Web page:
The fact is true. Here is the proof that if $A\cup B$ is normal in $G$, then $A\cap B$ is normal in $G$ or $A^g$ is inside $B$ for some $g$. Suppose that $A^g$ is not inside $B$ for any $g$. If $A\cup B$ is normal in $G$, then $A$ and $B$ are normalized by an index at most 2 subgroup $G_1$ of $G$. Indeed, for every $g\in G$, we have $A^g$ is a union of two subgroups $A^g\cap A$ and $A^g\cap B$. That can happen only if $A^g=A$ or $A^g=B$, same for $B$.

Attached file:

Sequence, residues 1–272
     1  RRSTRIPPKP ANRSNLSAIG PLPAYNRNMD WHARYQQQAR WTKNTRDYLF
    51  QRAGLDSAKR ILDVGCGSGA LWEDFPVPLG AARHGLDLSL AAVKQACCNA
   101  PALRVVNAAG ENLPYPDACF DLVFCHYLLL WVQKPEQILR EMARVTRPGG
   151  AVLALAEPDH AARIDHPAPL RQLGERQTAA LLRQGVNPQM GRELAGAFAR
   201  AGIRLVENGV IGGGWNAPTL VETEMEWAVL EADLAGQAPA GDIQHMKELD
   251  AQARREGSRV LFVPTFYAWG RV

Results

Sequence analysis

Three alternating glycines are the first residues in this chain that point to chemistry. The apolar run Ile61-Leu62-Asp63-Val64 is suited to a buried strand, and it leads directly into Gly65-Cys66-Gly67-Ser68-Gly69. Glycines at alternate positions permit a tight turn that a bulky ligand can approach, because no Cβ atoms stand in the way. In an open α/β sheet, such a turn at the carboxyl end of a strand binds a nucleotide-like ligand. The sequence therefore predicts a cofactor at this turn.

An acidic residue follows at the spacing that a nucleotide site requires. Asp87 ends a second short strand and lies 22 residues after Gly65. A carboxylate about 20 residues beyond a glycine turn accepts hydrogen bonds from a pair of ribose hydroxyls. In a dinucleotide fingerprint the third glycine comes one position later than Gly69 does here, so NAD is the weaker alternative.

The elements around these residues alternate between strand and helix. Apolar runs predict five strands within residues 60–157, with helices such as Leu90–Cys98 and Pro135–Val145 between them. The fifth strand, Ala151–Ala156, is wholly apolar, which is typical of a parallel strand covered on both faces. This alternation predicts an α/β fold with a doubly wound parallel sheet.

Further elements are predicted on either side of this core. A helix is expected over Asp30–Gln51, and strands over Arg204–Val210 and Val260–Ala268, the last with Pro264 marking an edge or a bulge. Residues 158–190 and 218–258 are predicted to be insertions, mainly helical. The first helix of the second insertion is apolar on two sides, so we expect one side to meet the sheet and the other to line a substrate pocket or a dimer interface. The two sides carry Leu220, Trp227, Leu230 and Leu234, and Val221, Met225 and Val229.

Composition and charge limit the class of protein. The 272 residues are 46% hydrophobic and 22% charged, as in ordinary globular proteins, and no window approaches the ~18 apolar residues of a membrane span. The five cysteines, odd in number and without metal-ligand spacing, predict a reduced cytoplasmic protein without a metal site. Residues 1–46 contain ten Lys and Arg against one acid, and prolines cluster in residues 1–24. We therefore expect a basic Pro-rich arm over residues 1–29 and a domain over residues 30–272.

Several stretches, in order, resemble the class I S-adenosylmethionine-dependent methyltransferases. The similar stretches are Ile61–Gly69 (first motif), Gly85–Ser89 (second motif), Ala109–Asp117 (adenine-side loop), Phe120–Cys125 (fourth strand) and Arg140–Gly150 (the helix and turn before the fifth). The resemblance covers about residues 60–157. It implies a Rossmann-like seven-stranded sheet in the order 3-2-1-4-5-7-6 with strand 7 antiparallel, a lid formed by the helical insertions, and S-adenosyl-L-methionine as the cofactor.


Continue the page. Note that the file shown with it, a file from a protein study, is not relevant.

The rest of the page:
Now if $G_1=G$, there is nothing to prove. If $G_1$ is of index 2, then there exists an element $g$ with $A^g=B$, $B^g=A$ and $G=\langle G_1, g\rangle$. Therefore $A\cap B$ is normal in $G$. In particular, it is normal in $A$ and $B$. Now suppose that $A^g$ is inside $B$ for some $g$. Notice that for every $h\in G$ either $A^h=A$ or $A^h\subseteq B$ and similarly either $B^h=B$ or $B^h\subseteq A$. If $A^h\subseteq B$ and $B^h \subseteq A$ then $(A\cap B)^h=A\cap B$. Therefore the normalizer $C$ of $A\cap B$ together with the normalizer $D$ of $B$ gives the whole $G$. This again implies that either $C=G$ and $A\cap B$ is normal in $G$ or $D=G$, and $B$ is normal in $G$. Thus the only case left is when $A^g\subseteq B$ for some $g$ and $B$ is normal in $G$. In that case $A\subseteq B^{g^{-1}}=B$, so $A\cap B=A$ and since it must be of finite index in $B$ by assumption, we conclude that $A=A\cap B$ has a normal subgroup of finite index both in $A$ and in $B$.